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Posts Tagged ‘Clveland Indians’

Last night was just bad.  Really bad.  Really, really bad.

Let’s start with Lackey.  After those first three starts after the break, I was convinced this one was going to be even better.  It certainly started out that way; Lackey fanned six of his first eleven batters.  But things quickly unraveled starting in the fourth, his worst inning for pitch count with twenty-six.  He had two outs with nobody on base, and the entire game just got away from him with a single, another single, and an RBI double.  Thankfully Kalish ended it with an excellent and pinpoint throw to the plate.

After that, Lackey was terrible.  He lacked almost everything a dominant pitcher should have.  He was inefficient; he threw 107 pitches during his five and one-third innings.  He was not effective; he gave up six runs on nine hits while walking five.  He was mediocre: his best pitches were his slider and cutter, while his curveball, changeup, and fastball left much to be desired.  He did get his fastball up to ninety-four miles per hour, and he did strike out seven, but that’s not really helpful after presenting your team with a deficit that large.  By the time he came out of the game, he had allowed three runs to score in the sixth while recording only one out.

The relief corps was excellent.  Delcarmen, Richardson, Wakefield, and Bard pitched the rest of the game.  While Lackey was busy taking the loss, the four relievers were busy showing the world why it wasn’t technically all that necessary for Theo to go all out at the deadline for another reliever.

So that’s one high point.  That was the only high point.

Papi scored on Beltre’s sac fly in the second.  That was it for us until the seventh inning.  Again with the missed opportunities.  Scutaro was gunned down at the plate.  We had runners at the corners with nobody out in the fifth and failed to do something with it.

And of course there was the third, when Youk left the game.  He had jammed his right thumb in the first while lining to short and tried to play through it but ultimately couldn’t.  V-Mart moved to first, Cash moved behind the plate, and Red Sox Nation moved their hands to their mouths in complete and total disbelief.  I mean, seriously? Is this for real? We had a ton of very significant injuries, we were just starting to get healthy again, and now this happens? And to make matters worse, Cameron is back on the DL with abdominal issues.  Technically we should be happy about that.  He’s been playing the past few months in pain.  Not days.  Not weeks.  Months.  Nobody knows his status for the rest of the season.  So we recalled Nava.  But all of this begs the question of Ellsbury, who’s played in four minor league games and in his most recent one made an extremely difficult jumping catch over the fence in classic Ellsbury style.  Nobody but Ellsbury knows what he’s feeling, but if Cameron can see Major League action for months with a muscle tear, and Youk can stay in the game until the pain becomes unbearable, and V-Mart can return to action the split-second he’s feeling fine, I would expect Ellsbury to return to action very soon if he’s making catches like that.  Of course, a rib issue is more serious than other issues, but we need him.  We really need him.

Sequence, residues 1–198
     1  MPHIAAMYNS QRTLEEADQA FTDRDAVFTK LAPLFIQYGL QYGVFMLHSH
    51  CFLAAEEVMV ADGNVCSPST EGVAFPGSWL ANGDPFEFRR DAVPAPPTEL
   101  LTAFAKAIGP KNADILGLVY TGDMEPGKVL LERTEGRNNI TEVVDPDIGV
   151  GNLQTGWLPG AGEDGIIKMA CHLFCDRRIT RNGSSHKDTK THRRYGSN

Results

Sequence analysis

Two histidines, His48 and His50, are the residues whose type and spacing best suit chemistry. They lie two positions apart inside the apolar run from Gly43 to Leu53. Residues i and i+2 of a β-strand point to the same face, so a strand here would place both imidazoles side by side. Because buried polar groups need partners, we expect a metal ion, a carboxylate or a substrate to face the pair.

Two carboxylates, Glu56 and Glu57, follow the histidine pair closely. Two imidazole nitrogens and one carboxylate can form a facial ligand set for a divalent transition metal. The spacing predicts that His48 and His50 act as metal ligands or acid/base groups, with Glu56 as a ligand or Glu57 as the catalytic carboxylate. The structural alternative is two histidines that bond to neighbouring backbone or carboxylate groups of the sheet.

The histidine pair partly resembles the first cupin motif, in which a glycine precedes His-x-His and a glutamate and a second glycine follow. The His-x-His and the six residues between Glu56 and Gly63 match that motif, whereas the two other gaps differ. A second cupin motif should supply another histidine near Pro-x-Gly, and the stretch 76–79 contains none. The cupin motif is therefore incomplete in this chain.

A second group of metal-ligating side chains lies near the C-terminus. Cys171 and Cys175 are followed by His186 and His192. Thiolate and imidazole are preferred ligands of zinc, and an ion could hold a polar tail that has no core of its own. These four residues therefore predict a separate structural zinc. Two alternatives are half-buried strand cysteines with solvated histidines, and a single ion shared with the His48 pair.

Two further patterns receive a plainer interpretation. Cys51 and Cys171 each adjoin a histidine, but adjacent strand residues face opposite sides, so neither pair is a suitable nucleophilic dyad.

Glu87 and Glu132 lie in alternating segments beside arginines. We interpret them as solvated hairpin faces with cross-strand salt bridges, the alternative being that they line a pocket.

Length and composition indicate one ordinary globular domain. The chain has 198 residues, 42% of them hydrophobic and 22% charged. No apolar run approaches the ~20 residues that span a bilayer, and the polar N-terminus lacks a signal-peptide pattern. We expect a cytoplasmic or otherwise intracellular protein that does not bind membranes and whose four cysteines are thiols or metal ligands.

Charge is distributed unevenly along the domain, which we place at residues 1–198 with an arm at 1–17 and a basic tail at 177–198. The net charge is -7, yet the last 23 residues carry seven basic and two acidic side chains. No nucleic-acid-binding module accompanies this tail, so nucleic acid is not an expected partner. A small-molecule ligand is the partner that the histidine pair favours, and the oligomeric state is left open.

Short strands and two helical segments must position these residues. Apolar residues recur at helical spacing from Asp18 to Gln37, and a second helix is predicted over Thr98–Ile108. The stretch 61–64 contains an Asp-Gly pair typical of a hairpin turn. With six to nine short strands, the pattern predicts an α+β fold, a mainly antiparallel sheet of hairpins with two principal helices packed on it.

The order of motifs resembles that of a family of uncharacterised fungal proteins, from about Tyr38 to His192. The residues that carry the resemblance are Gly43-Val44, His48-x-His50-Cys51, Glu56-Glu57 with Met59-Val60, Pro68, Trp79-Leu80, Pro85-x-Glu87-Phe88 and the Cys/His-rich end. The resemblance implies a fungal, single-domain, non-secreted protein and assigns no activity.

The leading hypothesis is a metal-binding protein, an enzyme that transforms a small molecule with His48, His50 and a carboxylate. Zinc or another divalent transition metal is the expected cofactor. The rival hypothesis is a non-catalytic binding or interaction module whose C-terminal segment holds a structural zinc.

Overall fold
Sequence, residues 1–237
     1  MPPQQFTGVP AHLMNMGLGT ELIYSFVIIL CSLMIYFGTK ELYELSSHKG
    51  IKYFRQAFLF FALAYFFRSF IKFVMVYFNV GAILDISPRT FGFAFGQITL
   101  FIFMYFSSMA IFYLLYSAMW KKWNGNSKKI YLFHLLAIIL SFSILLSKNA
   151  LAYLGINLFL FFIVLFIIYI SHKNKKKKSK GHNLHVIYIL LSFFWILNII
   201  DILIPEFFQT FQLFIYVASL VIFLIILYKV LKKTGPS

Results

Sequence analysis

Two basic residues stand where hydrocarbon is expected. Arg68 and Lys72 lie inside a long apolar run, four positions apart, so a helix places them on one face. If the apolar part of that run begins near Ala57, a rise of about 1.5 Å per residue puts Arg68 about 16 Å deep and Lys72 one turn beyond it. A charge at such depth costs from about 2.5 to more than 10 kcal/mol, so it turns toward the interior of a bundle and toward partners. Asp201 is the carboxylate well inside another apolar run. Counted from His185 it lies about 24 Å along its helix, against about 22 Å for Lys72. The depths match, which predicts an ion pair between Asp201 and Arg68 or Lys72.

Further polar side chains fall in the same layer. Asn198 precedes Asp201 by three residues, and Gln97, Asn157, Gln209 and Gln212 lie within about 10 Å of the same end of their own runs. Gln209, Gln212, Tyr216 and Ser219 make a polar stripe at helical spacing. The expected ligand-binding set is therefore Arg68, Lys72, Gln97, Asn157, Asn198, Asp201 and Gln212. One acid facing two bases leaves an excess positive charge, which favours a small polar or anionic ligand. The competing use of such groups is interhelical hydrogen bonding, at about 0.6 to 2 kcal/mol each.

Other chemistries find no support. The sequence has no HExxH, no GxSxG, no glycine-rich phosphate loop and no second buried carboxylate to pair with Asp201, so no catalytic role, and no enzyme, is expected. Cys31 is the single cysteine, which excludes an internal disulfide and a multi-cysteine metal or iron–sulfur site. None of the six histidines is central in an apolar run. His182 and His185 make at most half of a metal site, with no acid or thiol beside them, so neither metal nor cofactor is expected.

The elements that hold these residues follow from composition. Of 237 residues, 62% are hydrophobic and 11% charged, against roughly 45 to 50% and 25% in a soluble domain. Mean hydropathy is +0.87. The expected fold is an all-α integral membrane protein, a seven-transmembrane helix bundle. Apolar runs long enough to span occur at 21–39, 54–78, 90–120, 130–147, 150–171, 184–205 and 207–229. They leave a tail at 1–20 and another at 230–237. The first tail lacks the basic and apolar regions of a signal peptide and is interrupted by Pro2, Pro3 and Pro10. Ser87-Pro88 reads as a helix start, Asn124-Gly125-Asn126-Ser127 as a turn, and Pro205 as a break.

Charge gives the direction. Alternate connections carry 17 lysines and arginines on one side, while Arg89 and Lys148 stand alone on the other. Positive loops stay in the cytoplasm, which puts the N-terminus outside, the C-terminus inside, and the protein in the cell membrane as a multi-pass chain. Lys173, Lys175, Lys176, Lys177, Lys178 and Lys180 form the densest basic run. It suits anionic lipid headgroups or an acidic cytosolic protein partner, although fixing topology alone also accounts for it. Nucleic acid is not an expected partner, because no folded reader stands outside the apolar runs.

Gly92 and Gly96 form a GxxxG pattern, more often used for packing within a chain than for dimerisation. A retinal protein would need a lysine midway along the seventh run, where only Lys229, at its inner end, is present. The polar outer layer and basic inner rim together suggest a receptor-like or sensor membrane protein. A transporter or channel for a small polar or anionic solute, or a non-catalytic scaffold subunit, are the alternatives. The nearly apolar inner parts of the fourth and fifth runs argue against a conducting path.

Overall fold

Then in the seventh, Beltre homered into the Monster seats on an offspeed.  And then I think I speak for all of Red Sox Nation when I say we all had a comeback on our minds.  We were losing, we entered the last third of the ballgame, and given our performance in recent games, we had every reason to expect something to happen.  Something did happen, but not what we had in mind.  Nava pinch-hit for Patterson and hit a single, so Kalish was waved around.  Santana was waiting with the ball.  They collided; Kalish was out, and so was Santana with an injury.  But the hit was completely clean.  Kalish was pretty shaken by it, as a rookie is wont to be.  Also, that was a bad decision on Bogar’s part.  We have one out in the inning and we’re losing by four runs, and he sends the runner on that hit? Not a good idea at all.

Still, Beltre raised our hopes even further with two out in the eighth, with his three-run blast, also into the Monster seats, also on an offspeed: a hanging slider.

Then it’s a one-run game heading into the ninth.  It’s crazy.  And now we’re really thinking we’re going to do something here.  We’re going to lock this up.  We’re going to start the series off right.  We’re going to show this team who’s boss.  It’s going to be epic.  It’s going to be the third walkoff in a row.  Isn’t it?

No.

Kalish went three for three, Papi went two for four, and Scutaro went two for five.  But Beltre alone batted in all of our runs, scoring two of them himself.  He finished the night two for three.  For one night, Adrian Beltre played Yaz carrying the entire team on his shoulders.  And we all know what happened in 1967: we were almost there, but we lost to the Cards in seven games in the World Series.  Similarly, last night we were almost able to overtake the Indians, but in the end we couldn’t do it.

We’re six and a half games behind the Rays and the Yankees, who are now tied for first.  There’s really not much to say.  We need wins.  We need them in abundance.  And we need them now.  Seriously.  Every game from this point on is a must-win.  Beckett takes the hill tonight opposite David Huff.  It must start tonight.  We must win.  Tonight.

Boston Globe Staff/Barry Chin
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